Coupled with transferable project management skills, Hairul landed a project engineer role in the growing IT industry last month.
“I was quite shocked because Red Technologies is a different industry from my background ... In that I have nothing to offer, so during the interview I thought I flunked,” said Hairul.
“The process of getting my knowledge in the IT industry requires quite a steep learning curve. But I pushed on because this is a requirement in my new job.”
PMETS NEED NEW SKILLS; GOVERNMENT SUPPORT IMPORTANT
As more jobs are redesigned, it is imperative that the Government provides support to upskill PMETs, said DBS' Mr Seah.
“The earlier we can recognise the impact and put in place policy measures to support the transition, upskilling, reskilling, the better,” said Mr Seah.
Dr Jaclyn Lee, who is chief HR officer at the Singapore University of Technology and Design (SUTD), echoed this sentiment, stressing that job matching agencies are key in helping prevent PMETs from being demotivated after a certain period of unemployment.
"PMETs need a lot of continuous skills upgrading. There is a big skills gap between our current PMETs and the skills required. The innovation economy is going to result in a new form of human capital that lies in creating talent and multidisciplinary capabilities," she said.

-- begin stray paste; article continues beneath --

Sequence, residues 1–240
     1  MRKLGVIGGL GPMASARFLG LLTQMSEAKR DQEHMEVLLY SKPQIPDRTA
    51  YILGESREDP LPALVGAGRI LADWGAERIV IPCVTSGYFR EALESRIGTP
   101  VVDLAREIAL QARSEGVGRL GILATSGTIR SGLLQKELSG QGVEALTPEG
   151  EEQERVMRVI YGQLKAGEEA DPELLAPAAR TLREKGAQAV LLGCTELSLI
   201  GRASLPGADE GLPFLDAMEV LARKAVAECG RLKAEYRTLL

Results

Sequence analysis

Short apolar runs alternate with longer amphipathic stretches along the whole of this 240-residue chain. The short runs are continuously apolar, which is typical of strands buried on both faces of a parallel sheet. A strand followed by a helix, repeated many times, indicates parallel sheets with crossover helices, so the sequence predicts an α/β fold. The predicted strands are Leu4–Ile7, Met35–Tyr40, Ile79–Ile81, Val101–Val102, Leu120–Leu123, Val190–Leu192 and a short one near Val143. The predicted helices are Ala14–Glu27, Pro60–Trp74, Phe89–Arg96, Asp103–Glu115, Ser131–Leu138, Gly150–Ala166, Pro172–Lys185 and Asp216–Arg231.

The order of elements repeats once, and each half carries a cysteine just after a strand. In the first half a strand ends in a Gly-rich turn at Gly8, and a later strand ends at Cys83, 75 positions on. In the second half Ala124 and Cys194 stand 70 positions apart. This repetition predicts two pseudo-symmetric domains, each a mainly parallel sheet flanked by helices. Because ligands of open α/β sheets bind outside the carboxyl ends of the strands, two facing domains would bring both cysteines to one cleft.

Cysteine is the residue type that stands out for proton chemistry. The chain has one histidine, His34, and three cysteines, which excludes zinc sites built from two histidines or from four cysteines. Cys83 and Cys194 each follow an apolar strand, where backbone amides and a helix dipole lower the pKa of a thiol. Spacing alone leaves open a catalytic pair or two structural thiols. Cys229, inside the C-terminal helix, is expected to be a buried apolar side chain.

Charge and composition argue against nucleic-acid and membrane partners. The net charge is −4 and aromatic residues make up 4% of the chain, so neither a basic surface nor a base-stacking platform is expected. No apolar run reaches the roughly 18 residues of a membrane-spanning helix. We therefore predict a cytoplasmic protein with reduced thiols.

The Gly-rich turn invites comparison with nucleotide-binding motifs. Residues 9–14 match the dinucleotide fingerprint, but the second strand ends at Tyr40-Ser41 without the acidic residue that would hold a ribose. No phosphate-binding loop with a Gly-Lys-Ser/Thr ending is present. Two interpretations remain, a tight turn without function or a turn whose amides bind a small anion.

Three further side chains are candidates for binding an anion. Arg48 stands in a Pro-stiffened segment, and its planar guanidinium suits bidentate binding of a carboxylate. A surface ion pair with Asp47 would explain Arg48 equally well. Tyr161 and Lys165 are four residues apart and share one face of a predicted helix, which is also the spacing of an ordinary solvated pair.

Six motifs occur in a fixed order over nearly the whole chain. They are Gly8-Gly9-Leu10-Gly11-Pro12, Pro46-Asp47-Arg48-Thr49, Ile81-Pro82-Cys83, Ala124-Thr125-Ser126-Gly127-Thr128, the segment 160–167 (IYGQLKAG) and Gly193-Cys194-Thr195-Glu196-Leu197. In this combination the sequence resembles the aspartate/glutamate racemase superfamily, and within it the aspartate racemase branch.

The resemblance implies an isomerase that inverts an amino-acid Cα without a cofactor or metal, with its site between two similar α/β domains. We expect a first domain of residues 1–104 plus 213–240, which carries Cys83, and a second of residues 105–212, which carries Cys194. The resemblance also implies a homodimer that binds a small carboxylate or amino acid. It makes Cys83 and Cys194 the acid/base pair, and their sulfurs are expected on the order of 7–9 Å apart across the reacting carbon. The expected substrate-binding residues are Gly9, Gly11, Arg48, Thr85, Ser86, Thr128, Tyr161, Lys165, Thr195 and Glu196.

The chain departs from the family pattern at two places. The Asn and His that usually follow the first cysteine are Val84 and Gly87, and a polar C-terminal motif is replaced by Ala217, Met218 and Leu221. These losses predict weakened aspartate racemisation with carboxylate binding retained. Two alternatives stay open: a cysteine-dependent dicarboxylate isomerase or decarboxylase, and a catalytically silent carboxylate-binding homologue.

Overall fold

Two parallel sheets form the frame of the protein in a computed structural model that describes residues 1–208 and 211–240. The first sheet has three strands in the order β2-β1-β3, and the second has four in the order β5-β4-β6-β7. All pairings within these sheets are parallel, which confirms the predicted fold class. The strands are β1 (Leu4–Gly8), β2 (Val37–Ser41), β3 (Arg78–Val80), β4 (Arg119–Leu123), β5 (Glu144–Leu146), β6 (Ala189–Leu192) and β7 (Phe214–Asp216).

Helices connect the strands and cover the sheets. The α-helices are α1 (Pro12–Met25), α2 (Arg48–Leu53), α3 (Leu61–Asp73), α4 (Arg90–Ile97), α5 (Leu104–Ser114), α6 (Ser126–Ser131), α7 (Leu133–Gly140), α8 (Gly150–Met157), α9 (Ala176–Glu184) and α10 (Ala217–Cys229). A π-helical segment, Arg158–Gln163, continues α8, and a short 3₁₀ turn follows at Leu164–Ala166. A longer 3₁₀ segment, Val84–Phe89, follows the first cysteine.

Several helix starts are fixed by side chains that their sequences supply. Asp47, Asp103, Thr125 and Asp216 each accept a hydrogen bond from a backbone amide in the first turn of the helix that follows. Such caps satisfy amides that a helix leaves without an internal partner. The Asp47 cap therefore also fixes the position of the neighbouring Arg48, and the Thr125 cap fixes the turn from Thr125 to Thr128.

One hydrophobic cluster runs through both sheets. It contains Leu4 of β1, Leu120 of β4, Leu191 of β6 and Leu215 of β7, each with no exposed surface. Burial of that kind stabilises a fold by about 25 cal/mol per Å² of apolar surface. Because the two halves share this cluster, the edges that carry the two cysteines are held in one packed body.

Already, a slew of programmes targeted have been rolled out by NTUC’s Employment and Employability Institute (e2i) and Workforce Singapore (WSG), the most recent being a new Professional Conversion Programme (PCP) to help 300 mid-career PMETs enter the biomedical science sector.
Amid COVID-19, some sectors are still hiring PMETs.
Ammar Hassanbhai, 41, is one PMET who has joined the growing biomedical sciences sector.
Originally a researcher in academia, he did a nine-month Medical Technological Engineer PCP to bridge the gap in knowledge.
As part of the programme, Ammar was placed in Osteopore, a small- and medium-size enterprise (SME) that manufactures 3D implants to assist bone healing. He is now a Quality Assurance Manager at the company.
“I think the most important thing is to have confidence in your own ability, and to be able to know that the skills that you have picked up, though it's in a different industry, are actually quite transferable and can bring value to your new position," said Ammar.